I am most proud of being able to lend support in BrainBlog to some participants of last year’s One & Other Trafalgar Square art project on the Fourth Plinth by Antony Gormley. A surprising number of plinthers promoted awareness of various CNS [central nervous system] conditions and support groups during their hour on the plinth. Two in particular, Laura Hickman and Gavin Cross, received a number of additional viewers from my blog entries. It pleased me to be able to provide them with some extra viewers when they were on the plinth and to provide an educational venue about the brain for some ‘One & Other’ viewers and participants who did not know much about neuroscience.

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The bloggers behind the blogs: Jesse Bering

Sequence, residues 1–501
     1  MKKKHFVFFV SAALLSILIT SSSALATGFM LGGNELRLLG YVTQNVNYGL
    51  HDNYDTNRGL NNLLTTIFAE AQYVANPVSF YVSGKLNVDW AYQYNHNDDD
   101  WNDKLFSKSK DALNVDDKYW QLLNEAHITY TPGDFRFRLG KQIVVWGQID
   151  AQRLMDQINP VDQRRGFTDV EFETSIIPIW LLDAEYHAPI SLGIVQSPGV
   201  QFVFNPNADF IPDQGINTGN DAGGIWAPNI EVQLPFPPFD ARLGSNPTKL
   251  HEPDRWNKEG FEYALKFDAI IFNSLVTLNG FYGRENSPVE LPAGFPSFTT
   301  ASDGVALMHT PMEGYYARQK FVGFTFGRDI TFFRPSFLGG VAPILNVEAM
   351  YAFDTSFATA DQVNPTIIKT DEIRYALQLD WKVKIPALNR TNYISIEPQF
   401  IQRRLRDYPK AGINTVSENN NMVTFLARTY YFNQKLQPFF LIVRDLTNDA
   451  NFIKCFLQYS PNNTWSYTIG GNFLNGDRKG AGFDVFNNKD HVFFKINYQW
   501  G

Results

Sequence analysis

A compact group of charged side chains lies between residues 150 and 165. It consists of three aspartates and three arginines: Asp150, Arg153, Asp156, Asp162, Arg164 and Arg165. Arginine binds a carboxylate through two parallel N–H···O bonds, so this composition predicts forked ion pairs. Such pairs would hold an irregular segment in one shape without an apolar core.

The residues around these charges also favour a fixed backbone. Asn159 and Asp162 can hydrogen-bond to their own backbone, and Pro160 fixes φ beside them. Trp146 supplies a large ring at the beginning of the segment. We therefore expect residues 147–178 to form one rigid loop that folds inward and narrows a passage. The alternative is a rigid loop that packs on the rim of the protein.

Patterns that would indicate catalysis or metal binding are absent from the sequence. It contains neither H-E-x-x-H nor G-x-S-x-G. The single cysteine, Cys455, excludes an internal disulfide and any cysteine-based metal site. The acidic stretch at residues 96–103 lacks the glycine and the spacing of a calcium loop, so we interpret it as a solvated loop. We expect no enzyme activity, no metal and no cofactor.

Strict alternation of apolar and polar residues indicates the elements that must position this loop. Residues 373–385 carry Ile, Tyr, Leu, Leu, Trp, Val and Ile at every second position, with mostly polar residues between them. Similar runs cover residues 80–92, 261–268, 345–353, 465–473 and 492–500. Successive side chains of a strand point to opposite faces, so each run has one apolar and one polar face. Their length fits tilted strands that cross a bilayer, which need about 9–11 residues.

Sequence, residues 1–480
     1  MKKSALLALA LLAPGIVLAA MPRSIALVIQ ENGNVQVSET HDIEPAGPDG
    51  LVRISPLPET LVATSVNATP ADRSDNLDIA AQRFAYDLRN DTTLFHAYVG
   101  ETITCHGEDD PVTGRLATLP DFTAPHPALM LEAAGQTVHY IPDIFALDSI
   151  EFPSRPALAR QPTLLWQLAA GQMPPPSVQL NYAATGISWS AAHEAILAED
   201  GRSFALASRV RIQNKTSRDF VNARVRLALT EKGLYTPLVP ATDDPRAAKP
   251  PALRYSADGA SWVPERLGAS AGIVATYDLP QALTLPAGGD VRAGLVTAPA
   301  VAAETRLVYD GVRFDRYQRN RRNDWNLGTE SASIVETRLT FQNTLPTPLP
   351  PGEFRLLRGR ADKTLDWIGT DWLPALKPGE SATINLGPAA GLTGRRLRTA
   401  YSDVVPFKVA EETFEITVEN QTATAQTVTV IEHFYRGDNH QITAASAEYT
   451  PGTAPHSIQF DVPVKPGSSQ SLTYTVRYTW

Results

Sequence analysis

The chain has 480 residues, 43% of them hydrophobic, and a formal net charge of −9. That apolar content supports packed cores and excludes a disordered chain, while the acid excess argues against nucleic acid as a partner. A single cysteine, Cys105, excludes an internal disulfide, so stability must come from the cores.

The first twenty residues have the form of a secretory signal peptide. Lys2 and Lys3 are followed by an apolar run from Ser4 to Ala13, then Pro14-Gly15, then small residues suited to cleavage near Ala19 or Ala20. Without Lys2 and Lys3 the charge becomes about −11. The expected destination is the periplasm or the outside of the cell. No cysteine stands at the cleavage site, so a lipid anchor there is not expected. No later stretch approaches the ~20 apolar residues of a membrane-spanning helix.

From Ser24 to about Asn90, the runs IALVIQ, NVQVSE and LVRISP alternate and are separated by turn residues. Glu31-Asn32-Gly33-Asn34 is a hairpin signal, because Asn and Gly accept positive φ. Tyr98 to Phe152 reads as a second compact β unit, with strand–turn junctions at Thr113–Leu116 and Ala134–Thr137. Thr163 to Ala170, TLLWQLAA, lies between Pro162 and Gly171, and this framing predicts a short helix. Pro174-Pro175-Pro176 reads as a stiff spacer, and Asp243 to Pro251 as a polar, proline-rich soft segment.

This is part of an ongoing series of interviews with some of the world’s leading psychology and neuroscience bloggers.

First up, Jesse Bering of the blog Bering in Mind.

What’s your blog’s mission?

To answer every nibbling little, strange question about human nature or behaviour that’s ever occurred to me, as they occur to me, one-by-one. At least, to answer them to my own satisfaction. It’s selfish in that sense, really. But I’m glad that Scientific American readers have joined me on my voyage of discovery about the evolution of pubic hair, fag hags, female bitchery and other important issues. Because I cover such heavy subject matter, I’ll occasionally throw in a post or two as a light diversion, say, about God or the afterlife.

Are you also on Twitter – if so, how do the two outlets complement each other?